The alarming rate of disease spread, along with the high number infected patients that have required hospitalization, appears to have provoked the reinstatement of furloughed CDC workers. Since March, reports indicate that over 270 people across 18 states have become ill from chickens purportedly derived from three Foster Farms plants, situated in California. Thus far, at least 76 of those infected have been hospitalized for additional treatment.
According to Philly.com, another CDC spokesman, called John O’Connor, tentatively theorizes that the increased number of infected persons admitted to hospital could be related to antibiotic resistance:
“The typical hospitalization rate for salmonellosis is around 20 percent… Antibiotic resistance, as seen in this outbreak, may be associated with an increased risk of hospitalization or possible treatment failure in infected individuals.”
According to statistics collected by the CDC, 42 percent of all ill persons have been taken to hospital, with the majority of incidences occurring in California. So far, no deaths have been reported.
What is Salmonella and How Does it Cause Infection?
Salmonella is a highly motile, rod-shaped enterobacteria, predominately residing within the gut. They are defined as zoonotic, and can be transferred between humans and other species of animals.
Salmonella is contracted, typically, through ingestion of infected food products. Most often, the acidic pH of the stomach is capable of denaturing the bacteria, preventing it from causing pathology. Therefore, large numbers of the bacteria typically need to be ingested to allow a sufficient number of microbes to enter the small intestines and cause infection in healthy individuals.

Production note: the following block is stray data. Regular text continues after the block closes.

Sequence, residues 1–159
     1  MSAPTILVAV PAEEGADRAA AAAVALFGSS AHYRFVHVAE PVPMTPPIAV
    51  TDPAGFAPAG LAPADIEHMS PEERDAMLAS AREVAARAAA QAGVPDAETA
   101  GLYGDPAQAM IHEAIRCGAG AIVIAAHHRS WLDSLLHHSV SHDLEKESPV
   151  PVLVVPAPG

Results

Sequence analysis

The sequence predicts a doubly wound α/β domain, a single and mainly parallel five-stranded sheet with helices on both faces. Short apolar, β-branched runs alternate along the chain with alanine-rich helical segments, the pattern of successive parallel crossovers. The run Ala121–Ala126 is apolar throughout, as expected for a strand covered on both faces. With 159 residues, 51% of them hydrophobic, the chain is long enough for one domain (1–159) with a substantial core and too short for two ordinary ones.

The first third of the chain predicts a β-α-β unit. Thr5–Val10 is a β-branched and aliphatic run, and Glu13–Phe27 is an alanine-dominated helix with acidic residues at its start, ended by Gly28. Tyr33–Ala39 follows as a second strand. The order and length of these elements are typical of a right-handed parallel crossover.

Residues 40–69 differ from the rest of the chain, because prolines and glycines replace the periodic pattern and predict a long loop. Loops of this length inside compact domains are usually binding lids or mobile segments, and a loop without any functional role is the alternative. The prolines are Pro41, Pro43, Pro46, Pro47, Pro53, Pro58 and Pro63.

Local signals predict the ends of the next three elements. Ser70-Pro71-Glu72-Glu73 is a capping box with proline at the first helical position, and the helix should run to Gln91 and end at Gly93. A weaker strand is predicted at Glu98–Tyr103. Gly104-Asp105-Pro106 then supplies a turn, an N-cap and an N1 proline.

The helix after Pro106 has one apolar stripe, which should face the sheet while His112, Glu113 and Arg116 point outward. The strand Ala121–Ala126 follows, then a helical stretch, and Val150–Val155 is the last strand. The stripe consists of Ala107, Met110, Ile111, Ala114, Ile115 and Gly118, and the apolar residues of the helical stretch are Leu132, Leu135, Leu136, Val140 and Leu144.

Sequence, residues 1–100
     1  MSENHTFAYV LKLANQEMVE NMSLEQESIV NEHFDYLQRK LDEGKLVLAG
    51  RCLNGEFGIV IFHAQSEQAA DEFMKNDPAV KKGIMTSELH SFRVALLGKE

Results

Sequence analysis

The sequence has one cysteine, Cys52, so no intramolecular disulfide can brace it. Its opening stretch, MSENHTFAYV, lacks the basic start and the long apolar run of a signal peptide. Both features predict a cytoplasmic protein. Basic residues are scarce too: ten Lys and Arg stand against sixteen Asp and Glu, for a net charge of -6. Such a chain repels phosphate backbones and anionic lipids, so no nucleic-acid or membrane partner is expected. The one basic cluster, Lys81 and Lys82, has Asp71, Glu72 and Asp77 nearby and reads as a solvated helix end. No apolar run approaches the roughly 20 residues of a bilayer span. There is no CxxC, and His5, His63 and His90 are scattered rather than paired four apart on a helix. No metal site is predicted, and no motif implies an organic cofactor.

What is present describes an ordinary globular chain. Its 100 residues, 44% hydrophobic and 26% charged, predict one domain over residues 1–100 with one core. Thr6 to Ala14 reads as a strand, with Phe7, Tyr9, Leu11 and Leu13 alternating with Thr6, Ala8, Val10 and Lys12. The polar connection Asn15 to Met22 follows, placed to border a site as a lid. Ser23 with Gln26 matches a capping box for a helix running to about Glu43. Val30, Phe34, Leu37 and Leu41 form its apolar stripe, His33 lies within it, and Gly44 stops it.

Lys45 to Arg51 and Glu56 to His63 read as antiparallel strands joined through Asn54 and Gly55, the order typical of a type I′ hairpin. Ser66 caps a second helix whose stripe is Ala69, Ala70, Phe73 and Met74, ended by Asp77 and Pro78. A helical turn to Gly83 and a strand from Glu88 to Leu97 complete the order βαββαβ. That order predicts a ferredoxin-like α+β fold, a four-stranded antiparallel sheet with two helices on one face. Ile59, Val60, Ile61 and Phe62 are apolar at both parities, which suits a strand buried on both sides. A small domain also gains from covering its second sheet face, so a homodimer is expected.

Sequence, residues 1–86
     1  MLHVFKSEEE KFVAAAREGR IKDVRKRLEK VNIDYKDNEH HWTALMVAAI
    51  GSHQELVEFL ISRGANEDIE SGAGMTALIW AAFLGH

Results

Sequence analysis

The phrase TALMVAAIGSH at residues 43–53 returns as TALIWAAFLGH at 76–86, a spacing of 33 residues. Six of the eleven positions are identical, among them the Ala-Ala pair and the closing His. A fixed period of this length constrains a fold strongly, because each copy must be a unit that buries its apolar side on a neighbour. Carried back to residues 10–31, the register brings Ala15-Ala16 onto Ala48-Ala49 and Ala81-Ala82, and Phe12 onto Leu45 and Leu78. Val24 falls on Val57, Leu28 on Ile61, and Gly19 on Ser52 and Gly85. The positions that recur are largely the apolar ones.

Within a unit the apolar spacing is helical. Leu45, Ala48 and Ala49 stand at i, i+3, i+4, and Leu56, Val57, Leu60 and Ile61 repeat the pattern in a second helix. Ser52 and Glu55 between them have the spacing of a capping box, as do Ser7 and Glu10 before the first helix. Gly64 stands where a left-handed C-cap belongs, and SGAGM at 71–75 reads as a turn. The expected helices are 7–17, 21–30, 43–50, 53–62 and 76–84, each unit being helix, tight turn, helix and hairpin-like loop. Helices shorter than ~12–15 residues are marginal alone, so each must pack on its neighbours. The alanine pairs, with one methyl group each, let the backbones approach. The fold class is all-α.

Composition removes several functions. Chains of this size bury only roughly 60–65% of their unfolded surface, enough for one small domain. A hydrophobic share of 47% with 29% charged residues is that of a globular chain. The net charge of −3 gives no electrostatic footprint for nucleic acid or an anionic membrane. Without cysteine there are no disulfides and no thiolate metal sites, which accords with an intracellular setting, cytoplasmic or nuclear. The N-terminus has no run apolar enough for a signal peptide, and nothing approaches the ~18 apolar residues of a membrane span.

High concentrations of Salmonella may be found within raw or poorly cooked food. However, Salmonella can originate from a wide variety of environmental sources, including water, soil, factory settings and contaminated animals.
Once ingested, the bacteria begin multiplying rapidly within the lumen of the intestines and begin churning out toxins, a condition called salmonellosis. In turn, invasion of the cells lining the small and large intestines triggers an inflammatory response, diarrhea, abdominal cramping and fever. When the dead bacteria begin to die, and undergo lysis, they release endotoxins that induce a wide variety of mechanisms, and cause fever-like symptoms.
Salmonella bacteria may then migrate into the lymphatic system around the intestines, eventually reaching the bloodstream. Depending upon the type of Salmonella infection, a patient’s condition can progressively worsen, with disease spread branching out into the liver, spleen, gallbladder, bones and even the meninges lining the central nervous system.
Young children, the elderly and individuals with weakened immune systems are all at risk of developing serious illness from Salmonella infection.
Investigation of Foster Farms
Epidemiological and laboratory investigations have been performed, alongside traceback studies, all of which cumulatively incriminates a number of Foster Farms’ chicken-processing plants as the likely origins of the Salmonella Heidelberg outbreak.
All patients that were reported ill underwent an interview to provide officials with a greater understanding of the potential exposures that may have caused the infections. Of the 132 interviewed persons, 105 reportedly consumed chicken the week prior to illness. Delving a little deeper, out of 61 of the interviewed people who were able to recall the specific brand of chicken they had consumed, 48 (79%) ill persons claimed to have eaten Foster Farms chicken.